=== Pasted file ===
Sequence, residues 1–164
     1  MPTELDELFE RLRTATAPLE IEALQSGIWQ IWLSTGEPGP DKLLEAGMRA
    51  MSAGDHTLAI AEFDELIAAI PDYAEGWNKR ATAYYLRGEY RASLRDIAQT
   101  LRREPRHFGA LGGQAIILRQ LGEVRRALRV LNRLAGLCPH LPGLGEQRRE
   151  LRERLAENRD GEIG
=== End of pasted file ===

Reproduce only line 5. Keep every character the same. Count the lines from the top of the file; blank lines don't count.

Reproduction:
   151  LRERLAENRD GEIG